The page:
« Reply #26 on: November 10, 2012, 01:08:35 PM »
Impressive screenshot, Prissi!

Those fields are awesome, especially those pillaged (unfortunately ;)) look very realistic.

Offline greenling

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Re: Newland - A progressive diary
« Reply #27 on: November 10, 2012, 02:40:09 PM »
Nice Photo.I have those building too.
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Offline Sarlock

Re: Newland - A progressive diary
« Reply #28 on: November 11, 2012, 12:03:56 AM »
Very neat!  I had thought of doing something similar for my project city... I might just use those to add some development-in-progress areas.  Thanks for the links :)
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Offline prissi

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Re: Newland - A progressive diary
« Reply #29 on: November 11, 2012, 04:50:41 PM »
If they are coded as low level (1-3) industrial buildings those pillaging areas may even from automatically during city growth. The reason is the clustering of industrial building (which is stronger than com or res).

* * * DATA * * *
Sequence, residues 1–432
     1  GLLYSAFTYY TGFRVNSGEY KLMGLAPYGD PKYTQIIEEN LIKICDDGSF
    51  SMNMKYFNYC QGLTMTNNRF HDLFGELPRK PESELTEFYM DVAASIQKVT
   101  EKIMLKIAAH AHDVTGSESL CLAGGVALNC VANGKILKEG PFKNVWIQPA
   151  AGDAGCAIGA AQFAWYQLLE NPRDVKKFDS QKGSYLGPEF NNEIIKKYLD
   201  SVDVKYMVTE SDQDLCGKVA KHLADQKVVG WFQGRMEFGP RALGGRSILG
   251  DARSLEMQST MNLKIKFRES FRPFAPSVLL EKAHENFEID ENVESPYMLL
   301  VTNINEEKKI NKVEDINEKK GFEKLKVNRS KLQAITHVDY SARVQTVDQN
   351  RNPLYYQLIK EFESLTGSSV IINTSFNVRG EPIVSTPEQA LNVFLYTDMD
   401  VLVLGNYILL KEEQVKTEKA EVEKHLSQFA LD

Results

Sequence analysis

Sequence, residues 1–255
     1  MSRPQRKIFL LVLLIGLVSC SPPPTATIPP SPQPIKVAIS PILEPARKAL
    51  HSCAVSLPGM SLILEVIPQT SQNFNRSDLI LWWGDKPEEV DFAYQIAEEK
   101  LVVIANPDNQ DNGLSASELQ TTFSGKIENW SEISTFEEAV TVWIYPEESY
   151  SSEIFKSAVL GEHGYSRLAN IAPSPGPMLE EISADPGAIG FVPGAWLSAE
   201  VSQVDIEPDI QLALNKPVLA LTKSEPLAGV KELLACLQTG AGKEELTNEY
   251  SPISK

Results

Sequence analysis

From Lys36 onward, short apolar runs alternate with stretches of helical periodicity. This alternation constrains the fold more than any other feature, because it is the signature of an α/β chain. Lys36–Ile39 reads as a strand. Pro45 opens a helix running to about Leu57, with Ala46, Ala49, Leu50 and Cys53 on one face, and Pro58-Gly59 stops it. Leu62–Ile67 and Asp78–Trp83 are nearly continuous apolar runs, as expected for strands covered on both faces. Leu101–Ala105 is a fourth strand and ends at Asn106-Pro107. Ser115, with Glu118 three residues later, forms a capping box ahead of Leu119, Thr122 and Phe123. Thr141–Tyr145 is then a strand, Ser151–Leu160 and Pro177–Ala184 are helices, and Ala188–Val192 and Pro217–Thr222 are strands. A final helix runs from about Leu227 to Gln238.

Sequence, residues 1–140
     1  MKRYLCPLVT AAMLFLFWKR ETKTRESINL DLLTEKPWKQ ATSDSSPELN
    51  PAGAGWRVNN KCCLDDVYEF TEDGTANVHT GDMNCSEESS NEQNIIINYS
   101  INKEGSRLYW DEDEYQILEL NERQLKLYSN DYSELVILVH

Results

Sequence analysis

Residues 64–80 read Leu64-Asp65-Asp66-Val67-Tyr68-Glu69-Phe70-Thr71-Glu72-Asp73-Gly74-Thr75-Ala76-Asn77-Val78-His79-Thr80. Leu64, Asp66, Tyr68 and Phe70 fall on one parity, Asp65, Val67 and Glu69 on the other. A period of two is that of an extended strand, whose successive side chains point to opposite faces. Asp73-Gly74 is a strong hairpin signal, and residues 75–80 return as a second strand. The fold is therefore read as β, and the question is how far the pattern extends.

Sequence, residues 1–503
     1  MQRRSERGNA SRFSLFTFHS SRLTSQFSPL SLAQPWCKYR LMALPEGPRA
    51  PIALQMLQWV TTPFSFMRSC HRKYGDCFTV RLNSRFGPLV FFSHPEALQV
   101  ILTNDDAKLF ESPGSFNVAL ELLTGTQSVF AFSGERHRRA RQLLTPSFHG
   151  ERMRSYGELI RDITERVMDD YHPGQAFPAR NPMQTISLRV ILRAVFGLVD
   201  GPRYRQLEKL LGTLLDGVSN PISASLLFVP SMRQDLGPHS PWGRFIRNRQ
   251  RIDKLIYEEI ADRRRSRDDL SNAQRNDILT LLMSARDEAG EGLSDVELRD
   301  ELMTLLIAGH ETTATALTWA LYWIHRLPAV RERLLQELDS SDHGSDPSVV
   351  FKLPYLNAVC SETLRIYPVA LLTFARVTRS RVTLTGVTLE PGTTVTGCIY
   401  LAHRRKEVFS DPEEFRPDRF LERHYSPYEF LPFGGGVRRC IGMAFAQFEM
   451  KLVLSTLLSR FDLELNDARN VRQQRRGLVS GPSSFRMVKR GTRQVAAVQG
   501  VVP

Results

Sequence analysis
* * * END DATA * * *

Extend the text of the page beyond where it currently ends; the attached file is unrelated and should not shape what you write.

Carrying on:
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Re: Newland - A progressive diary
« Reply #30 on: November 24, 2012, 12:24:24 AM »
When I first looked at this thread, I misread it as "Newland - A progressive dairy". I was imagining pictures of massive cattle farms...
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Offline dekema2

Re: Newland - A progressive diary
« Reply #31 on: December 23, 2012, 03:52:31 AM »
Great post. I'm having trouble building rail and highways; I have to rip out buildings in cities and tear up landscape every two seconds to work. Is this normal?

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Re: Newland - A progressive diary
« Reply #32 on: January 08, 2013, 09:13:35 PM »